Market harvests sense of community


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Photo by Andrew Howard |

New Brunswick Farmer's Market


Three times a week, city residents can support local vendors and pick up fresh produce all in one place at the New Brunswick Community Farmers Market.

Located at 178 Jones Ave. and sponsored by the University, Johnson & Johnson and the city of New Brunswick, the Farmers Market runs every Tuesday from 12 to 5 p.m., Friday from 2 to 7 p.m. and Saturday from 9 a.m. to 2 p.m.

The event creates a community atmosphere in the city; some of the products brought by the vendors are retail items or handmade crafts, but all are from local residents, said Market Manager of the New Brunswick Community Farmers Market Jaymie Santiago.

"Johnson & Johnson and Rutgers collaborated … [and] they created this farmers market in order to give people the opportunity to shop and get fresh produce from the farmer," he said.

The market offers fresh produce provided by Pop's Farm Market based in Monroe Township. Farmer David Byrne had a wide variety of fruits and vegetables on display at last week's market, including red and orange bell peppers, hot peppers, cucumbers, winter yellow peaches, yellow doll watermelon, eggplant, tomatoes and more.

Pop's Farm Market employee Christine Bottomly said they have been bringing produce to fit the needs of New Brunswick residents, and the turnout has been excellent.

"What we've been doing is adding a lot of mix to suit the community; we have hot peppers [and] we also added a tropical selection, which includes mangos, grapes, pineapples, avocados," she said. "We find that a lot of the Mexican community likes the zucchini."

Bottomly said they sell their products either by the piece or the basket, and it is measured on the scale and priced accordingly.

She said the unusual amount of rain this summer had an effect on the crops, primarily tomatoes.

"We're finding everything to be about two weeks behind because of the terrible weather we encountered, but so far, so good," Bottomly said.

She said they will be selling products at the market until the end of October and are hoping to even extend into November as long as there are crops.

To arrange the market, they collaborated with the Intersect Fund, a student-run non-profit organization that helps entrepreneurs jump-start their businesses, Santiago said. The New Brunswick-based fund got them in touch with vendors who could sell their products at the market.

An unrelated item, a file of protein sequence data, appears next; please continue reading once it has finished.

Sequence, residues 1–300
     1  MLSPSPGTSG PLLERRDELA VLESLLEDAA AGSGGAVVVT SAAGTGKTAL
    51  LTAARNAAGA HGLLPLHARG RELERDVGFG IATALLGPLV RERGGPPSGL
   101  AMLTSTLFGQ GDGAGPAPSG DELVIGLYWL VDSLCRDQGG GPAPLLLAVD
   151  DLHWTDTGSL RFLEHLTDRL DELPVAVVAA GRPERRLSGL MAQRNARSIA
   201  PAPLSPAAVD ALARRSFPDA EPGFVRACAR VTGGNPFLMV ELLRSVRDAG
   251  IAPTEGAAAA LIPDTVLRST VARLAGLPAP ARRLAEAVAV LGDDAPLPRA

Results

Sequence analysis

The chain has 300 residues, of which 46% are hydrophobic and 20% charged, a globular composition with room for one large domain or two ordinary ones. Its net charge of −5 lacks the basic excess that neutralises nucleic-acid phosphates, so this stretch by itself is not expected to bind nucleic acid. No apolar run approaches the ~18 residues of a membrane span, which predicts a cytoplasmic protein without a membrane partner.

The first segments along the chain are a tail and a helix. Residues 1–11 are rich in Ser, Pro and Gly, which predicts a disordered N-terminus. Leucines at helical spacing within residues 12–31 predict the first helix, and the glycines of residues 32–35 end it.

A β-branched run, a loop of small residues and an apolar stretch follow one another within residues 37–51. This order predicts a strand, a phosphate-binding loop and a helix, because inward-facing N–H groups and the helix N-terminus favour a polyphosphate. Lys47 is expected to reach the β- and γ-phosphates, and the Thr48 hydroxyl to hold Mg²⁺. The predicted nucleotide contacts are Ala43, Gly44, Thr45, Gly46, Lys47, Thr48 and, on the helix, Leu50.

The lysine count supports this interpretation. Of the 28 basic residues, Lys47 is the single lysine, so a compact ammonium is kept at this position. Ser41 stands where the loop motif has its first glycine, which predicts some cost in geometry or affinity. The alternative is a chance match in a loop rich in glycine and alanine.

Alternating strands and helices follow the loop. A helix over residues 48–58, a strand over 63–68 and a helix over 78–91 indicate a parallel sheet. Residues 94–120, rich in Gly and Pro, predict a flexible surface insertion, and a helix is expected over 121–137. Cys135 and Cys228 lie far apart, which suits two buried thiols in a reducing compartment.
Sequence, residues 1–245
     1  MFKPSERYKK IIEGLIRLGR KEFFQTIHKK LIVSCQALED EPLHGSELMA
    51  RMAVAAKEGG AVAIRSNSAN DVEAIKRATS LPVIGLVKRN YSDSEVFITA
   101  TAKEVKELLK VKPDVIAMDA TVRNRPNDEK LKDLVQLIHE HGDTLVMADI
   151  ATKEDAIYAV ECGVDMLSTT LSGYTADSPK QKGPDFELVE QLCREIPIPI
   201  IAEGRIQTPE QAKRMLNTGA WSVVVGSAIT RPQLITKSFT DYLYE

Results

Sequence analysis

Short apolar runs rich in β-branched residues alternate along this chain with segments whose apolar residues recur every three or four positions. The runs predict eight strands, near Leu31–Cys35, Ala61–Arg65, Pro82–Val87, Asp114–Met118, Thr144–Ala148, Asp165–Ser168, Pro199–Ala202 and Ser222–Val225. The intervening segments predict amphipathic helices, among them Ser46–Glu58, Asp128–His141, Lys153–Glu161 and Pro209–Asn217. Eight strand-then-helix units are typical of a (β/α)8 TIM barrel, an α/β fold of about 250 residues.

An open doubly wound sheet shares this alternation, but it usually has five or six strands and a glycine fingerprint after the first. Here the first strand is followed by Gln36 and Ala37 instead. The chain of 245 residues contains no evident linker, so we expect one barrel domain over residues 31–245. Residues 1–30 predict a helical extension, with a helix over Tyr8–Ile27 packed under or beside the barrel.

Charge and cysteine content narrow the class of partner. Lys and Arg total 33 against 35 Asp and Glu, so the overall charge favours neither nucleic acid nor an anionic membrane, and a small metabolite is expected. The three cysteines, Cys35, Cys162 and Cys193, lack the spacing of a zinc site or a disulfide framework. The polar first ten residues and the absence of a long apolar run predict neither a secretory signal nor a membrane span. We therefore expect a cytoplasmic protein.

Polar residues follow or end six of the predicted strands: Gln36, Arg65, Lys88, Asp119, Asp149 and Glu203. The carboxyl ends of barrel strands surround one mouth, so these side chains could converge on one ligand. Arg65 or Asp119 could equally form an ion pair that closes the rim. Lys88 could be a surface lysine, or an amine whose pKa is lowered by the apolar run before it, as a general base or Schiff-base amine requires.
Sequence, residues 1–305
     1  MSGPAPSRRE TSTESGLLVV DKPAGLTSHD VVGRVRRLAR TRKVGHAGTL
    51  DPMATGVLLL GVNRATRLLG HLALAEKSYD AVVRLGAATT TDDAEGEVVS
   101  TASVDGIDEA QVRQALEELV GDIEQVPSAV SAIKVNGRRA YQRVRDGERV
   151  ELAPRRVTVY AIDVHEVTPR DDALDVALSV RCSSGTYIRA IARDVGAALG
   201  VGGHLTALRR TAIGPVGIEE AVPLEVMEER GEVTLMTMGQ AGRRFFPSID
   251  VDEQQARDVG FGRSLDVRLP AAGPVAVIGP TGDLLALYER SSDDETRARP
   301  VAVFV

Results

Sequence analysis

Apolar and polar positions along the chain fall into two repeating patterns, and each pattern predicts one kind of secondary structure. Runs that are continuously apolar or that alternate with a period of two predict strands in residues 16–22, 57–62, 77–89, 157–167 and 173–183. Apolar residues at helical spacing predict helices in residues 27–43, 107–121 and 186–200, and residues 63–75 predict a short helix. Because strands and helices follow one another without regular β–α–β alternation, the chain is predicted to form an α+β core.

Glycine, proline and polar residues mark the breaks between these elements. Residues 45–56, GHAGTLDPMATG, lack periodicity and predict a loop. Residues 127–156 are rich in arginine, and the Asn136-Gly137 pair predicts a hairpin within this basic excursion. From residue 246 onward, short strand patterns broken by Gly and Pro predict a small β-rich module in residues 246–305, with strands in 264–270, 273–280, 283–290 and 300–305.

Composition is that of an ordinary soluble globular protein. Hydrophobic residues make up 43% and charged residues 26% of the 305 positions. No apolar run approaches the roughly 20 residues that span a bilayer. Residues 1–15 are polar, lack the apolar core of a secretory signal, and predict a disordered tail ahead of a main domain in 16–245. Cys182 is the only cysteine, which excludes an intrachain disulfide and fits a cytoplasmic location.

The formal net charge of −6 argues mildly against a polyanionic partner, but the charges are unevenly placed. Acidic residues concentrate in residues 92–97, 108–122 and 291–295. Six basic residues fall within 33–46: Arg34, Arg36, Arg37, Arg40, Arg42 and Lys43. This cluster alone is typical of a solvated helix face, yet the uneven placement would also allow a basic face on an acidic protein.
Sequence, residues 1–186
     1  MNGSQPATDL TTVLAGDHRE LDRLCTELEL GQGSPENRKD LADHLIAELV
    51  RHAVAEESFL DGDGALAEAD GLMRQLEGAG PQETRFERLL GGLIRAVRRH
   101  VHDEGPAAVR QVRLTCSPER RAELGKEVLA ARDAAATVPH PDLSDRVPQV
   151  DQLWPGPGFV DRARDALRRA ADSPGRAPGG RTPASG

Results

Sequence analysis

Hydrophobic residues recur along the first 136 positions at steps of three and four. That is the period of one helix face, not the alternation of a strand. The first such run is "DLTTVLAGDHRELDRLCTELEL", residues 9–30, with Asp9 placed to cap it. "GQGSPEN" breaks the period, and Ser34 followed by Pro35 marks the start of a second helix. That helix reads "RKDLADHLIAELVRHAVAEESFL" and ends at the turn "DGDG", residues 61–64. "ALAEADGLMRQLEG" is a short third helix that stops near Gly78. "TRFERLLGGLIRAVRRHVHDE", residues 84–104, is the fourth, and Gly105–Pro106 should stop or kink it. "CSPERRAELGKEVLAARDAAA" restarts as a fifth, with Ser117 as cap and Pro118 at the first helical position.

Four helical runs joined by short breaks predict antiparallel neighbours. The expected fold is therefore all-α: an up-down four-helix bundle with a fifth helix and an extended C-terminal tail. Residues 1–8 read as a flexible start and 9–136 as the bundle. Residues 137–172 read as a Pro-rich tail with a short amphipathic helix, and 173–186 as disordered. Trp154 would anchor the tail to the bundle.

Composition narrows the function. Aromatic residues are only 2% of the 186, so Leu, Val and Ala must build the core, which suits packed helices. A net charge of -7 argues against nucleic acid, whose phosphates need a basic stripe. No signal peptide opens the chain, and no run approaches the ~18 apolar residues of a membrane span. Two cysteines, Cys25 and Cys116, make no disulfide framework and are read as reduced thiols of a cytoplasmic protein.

Executive Director of the Intersect Fund Rohan Matthew said he helped place two of the fund's star clients, the Lounge Society and Taking Tea in Style, as vendors at the market.

"When I heard the farmer's market was sponsored by Rutgers and partnered with the city,

I thought it was a natural way for some of our clients to get an opportunity to sell in the community," he said.

The market has been great for their clients, with the vendors taking in $200 to $300 each time, Matthew said. Both clients are graduates of the fund's business workshops and thought their organic and homemade products would fit in well with the fresh produce available at the market.

Santiago said the market held its grand opening on July 7, when University President Richard L. McCormick made an appearance and speech.

He said the community farmer's market differs from that of the Rutgers Gardens Farmers Market, held on Cook campus.

"The vendors over there have more of a focus on specialized items, whereas here the focus is more on helping the community by providing a location and produce that's right around the corner," he said.

Santiago said both markets offer Jersey Fresh produce.

Owner of Taking Tea in Style Sharon Levy said her Princeton-based company holds tea parties, as well as table manners and etiquette workshops for children.

"Most recently, I just started selling the tea that I serve at parties because people love the tea so much," she said.

Levy carries 18 different gourmet teas including white, black, red, green, decaf and organic.

"These are teas that are not found in the stores — they're exotic flavors, they're very healthy for you," she said. "I want people to learn about teas as far as health benefits."

Levy, who formerly worked as a marketing manager for IBM, said she started her company because she wanted to help out people who have events and parties for their children.

"I thought, why don't I go into people's homes and bring everything?" Levy said. "I bring all the china, the tablecloths, flowers, all the tea samples, pastries, candlelight and the background music, so it's a complete set-up, serve and cleanup."

Maria Vivar was in attendance at the market selling tacos as a fundraiser for the local 4-H group her children are involved in.

She said she prepared the food at Elijah's Promise soup kitchen, and she comes to every market with tostadas and beef and chicken tacos, with jalapenos, onions, radishes, cilantro and optional hot sauce for sale.

Max Gotti, a School of Engineering senior, came out to the market and enjoyed the tacos.

"I've been to other similar [farmer's markets] before but not this one," he said. "It's a nice day, it's relaxing"

Gotti said he was interested in the products offered by the Lounge Society, which sells handmade jewelry and African cultural items.


Heather Brookhart

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